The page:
Mum married Dad in her early 20s and had my brother and me not long after. She also had one full term stillborn baby, and finally 18 years after me, my younger brother was born.  She was 42 then.  They survived poverty because of Dads hard work in a paper mill and some loans from family, and they built a comfortable life for themselves and us.  They cleared a lot and built their own home from the ground up in 1955.  Mum did most of the painting and decorating herself, including making lined draperies, curtains, and bedspreads, and reupholstering furniture.  They lived at 18 Winter St in Millinocket, ME  for over 60 years.

So, when Mum started showing signs of dementia within a few years of Dad passing, it was alarming and so very difficult to process.  She was the strong one.  She saw Dad through his last weeks and months, dying because of Hospital Acquired MRSA and ongoing health issues.  She went to him every single day for the three months while he was hospitalized and then in the nursing home.  He only wanted her.   Now she needed us, to help her and to guide her through her last years of life.  She had no children living locally, like her Mom before her. And, she had no desire to move in with her kids.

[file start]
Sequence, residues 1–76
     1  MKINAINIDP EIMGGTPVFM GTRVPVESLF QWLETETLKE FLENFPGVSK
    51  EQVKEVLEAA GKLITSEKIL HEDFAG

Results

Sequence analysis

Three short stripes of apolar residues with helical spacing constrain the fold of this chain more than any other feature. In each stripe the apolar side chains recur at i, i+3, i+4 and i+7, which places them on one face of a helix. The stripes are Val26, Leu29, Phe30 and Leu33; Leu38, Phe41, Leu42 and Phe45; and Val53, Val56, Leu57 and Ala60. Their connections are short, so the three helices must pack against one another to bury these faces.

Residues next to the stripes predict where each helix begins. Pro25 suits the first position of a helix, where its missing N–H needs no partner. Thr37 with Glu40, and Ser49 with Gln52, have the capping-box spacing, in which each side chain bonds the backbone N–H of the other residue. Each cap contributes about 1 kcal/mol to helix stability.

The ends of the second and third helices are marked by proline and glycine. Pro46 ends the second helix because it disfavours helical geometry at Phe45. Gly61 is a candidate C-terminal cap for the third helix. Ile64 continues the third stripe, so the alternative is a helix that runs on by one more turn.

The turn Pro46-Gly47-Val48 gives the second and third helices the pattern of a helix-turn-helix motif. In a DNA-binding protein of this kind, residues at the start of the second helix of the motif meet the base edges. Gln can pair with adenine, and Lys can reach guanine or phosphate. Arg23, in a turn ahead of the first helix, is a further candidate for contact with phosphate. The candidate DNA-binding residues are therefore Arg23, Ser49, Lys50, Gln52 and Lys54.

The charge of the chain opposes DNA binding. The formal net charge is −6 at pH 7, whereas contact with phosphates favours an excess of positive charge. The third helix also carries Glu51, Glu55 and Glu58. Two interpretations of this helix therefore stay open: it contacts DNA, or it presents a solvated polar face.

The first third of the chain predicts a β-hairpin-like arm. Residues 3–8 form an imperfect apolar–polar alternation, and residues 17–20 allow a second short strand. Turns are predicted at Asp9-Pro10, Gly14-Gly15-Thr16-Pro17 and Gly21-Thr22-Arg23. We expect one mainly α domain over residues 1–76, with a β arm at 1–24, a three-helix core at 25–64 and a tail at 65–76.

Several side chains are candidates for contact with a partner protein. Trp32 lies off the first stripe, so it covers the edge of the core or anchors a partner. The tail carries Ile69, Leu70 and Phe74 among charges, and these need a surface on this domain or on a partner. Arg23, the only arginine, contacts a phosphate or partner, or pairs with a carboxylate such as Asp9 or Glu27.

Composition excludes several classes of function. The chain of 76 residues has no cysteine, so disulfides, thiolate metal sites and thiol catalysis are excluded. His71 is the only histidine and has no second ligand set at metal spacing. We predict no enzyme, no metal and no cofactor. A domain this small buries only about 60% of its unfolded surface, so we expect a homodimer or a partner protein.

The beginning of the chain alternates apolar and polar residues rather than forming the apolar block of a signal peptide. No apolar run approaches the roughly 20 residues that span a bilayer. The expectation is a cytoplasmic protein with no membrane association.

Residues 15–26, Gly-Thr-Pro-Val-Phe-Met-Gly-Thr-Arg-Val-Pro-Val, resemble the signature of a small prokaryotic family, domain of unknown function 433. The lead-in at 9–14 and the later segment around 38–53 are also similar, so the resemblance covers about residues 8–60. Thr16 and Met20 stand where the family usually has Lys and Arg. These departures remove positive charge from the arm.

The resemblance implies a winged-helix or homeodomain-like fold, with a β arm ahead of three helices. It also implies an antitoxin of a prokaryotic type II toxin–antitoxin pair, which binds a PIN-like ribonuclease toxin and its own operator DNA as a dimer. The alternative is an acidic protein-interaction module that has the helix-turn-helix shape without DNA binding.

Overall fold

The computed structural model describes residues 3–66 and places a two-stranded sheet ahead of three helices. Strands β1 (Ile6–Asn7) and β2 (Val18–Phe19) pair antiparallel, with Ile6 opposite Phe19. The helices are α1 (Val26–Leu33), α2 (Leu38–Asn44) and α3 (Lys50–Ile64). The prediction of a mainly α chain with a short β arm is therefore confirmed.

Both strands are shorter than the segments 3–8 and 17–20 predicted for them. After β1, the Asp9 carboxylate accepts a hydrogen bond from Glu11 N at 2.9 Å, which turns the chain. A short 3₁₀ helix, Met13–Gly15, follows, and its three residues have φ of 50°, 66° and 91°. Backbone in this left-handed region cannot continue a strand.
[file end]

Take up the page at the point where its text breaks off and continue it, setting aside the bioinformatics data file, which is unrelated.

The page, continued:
Mum very reluctantly left her home of over 60 years and has spent almost 4 years in Assisted Living here 5 miles from my home in Bangor, Maine. Even with her level of dementia, she has never forgotten her “home” and asked about it constantly. Sadly, I think she held me responsible for the loss of her own home.  Of course, as her POA, I was responsible, but I did it with her safety and well being in mind.   That house has been long since sold to a new family.    My brother and I chose Winterbery Heights after looking at only 2 places. The other one was dirty, it stunk and the room was horrible…all for the same price.  This one was certainly attractive and clean.  It smelled nice. There were nice big windows and a lot of natural light.  The staff was very welcoming and friendly offering a “Red Carpet” welcome. It was the Taj Mahal of local assisted living facilities.   I have learned since that some of that glossy facade was deceiving and a lure, but there are certainly some exceptionally caring people employed by this place.  I must give those workers credit.  I have seen them work until they are red faced and sweaty  caring for those elders.  Staff faces changed all the time and only a very few of the staff from 4 years ago is still there. I stopped trying to learn and remember their names.   I should have seen their staffing turnover as a warning.  I assume that the ones who aren’t there anymore were either worked to death or they just moved on.  The new director (the fourth one in 4 years) is also known for firing people at the drop of a hat, so I am sure that accounts for some of the more recent staff turnover.